History

The first settlers in Wabash County were Colonel David Burr, Colonel Hugh Hanna and Alexander Worth. In January 30, 1833, Wabash County was established and Wabash City was first incorporated in January 1849. Joseph A. Matlock was elected the first mayor of Wabash. Click here for a list of mayor and their years of service.

On January 26, 1856, the first passenger train arrived in Wabash. The railroad continued to play a major role in the development of Wabash. The big Four Railroad (the Cleveland, Cincinnati, Chicago and St. Louis Railroad) were persuaded to build shops in Wabash.  Neither the railroad nor the canal nor the Indians brought Wabash its greatest claim to fame.

At eight o'clock on the evening of March 31, 1880, Wabash became the first electrically lighted city in the world. Click here to read the article from the Wabash Weekly Plain Dealer.

Wabash County

Wabash County is located in northeastern Indiana approximately eighty-five miles from Indianapolis. The county is largely agricultural and much of Wabash County is rich bottom land on which large crops of corn, wheat, and soybeans are produced. The largest river in the county is the Wabash River.  In the late 1960's the Mississinewa and Salamonie were dammed by the United States Corps of Engineers to create two large reservoirs.

The original inhabitants of Wabash County were Native Indians and for hundreds of years it was the home to the Potawatomi and Miami Indians. Initial European contact was made in the 17th century by French explorers and fur trappers, many of whom intermarried. Such names as Godfroy, LaFontaine, and Richardville are still to be found among descendants of the Miami Indians.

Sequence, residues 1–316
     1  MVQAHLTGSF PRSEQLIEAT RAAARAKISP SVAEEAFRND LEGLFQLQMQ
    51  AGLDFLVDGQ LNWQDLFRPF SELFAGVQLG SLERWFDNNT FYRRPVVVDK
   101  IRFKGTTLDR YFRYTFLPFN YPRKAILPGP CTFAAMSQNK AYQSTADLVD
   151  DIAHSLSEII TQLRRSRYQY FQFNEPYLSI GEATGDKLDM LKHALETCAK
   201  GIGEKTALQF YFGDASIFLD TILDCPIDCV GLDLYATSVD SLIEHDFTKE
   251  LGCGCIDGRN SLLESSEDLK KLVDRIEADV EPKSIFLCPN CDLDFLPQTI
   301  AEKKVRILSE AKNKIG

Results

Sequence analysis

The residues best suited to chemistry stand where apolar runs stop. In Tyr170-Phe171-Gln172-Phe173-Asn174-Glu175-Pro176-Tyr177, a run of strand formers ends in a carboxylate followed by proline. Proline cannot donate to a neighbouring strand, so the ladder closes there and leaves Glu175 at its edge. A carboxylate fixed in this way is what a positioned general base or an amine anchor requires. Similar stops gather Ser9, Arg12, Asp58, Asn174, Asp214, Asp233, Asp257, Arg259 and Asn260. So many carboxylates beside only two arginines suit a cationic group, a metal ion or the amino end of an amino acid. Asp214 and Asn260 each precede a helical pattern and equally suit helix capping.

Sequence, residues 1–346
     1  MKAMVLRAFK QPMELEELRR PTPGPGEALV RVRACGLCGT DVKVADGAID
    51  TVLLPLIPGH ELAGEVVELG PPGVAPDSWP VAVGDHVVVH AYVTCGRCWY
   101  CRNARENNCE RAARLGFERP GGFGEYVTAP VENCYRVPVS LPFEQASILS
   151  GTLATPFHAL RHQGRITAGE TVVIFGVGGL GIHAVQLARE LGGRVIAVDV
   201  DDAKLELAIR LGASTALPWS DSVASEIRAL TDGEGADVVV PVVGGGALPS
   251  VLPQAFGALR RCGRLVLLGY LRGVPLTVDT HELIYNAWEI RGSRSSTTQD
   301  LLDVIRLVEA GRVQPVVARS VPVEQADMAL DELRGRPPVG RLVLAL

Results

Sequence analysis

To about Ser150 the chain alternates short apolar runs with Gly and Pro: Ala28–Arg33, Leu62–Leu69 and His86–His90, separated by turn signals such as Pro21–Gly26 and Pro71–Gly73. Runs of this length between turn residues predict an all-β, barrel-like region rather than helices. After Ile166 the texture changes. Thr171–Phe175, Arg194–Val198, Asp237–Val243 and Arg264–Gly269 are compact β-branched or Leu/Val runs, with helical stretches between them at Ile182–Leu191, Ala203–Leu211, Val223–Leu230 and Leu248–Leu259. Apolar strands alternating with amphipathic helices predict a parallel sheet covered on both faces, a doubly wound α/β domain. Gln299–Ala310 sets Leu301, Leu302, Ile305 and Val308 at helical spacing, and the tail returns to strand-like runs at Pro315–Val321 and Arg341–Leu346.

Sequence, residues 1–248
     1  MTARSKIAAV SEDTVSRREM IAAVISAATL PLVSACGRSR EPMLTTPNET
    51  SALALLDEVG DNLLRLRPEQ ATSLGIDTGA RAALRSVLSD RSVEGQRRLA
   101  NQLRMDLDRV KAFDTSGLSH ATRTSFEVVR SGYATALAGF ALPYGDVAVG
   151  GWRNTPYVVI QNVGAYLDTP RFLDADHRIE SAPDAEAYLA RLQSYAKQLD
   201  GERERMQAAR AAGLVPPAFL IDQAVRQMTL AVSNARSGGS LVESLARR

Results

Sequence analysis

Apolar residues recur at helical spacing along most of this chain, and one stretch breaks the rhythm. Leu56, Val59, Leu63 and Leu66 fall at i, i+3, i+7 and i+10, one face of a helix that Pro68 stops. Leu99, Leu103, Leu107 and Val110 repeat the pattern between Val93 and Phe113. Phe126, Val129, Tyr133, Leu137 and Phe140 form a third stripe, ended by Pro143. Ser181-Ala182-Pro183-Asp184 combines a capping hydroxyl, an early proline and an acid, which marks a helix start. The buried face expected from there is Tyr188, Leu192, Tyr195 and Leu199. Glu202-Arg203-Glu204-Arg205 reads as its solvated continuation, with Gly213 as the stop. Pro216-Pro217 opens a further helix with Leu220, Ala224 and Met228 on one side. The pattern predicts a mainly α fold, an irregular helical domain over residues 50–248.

In 1826, representatives of the Miami and Potawatomi tribes met with Colonel John Tipton and the United States commissioners at the site of Kin-Com-A-Ong Spring now located within the present city limits of Wabash. The result of this meeting was two significant treaties. The first opened Indian territory in Northern Indiana and Southern Michigan to white settlement. The second treaty made a provision for a canal to be built across lands reserved for the Indians.

After resolutions with the Native Americans, white settlement began in earnest. Traders and speculators were among the first. In March 1835, the county was finally politically organized. The main impetus for settlement was the Wabash and Erie Canal. Began in 1832 at Fort Wayne and completed to the Ohio River, it was the longest canal in America. Unfortunately, railroads took over by the 1870's and you now can only find traces of the canal throughout the county.

The citizens of the county have played an active role in the military history of the state and the nation. Wabash solders who fought in our nations conflicts are interred throughout the county. Samual Burdge for example, a Revolutionary War Veteran, lies buried at Stockdale.

During the Civil War thousands of Indiana young men volunteered for service and many companies were raised in Wabash County. Four regiments, the 75th, the 89th , the 101st, and the 118th, began their military training at Camp Wabash. This camp, also known as Camp Pettit, was located just south of the Wabash River in what is now the incorporated city of Wabash.

Both World Wars drew from Wabash County, which provided not only personnel but also materials necessary to carry on the war effort. The Service Motor Company produced ambulances and engines for airplanes needed during World War I. During World War II the Honeywell Company made bomb sites and tank periscopes. The General Tire Company produced rubber products. Wabash County has been justly proud of her role in the defense of the nation and perpetuates the memory of these sacrifices with an eternal flame shrine in front of the Courthouse.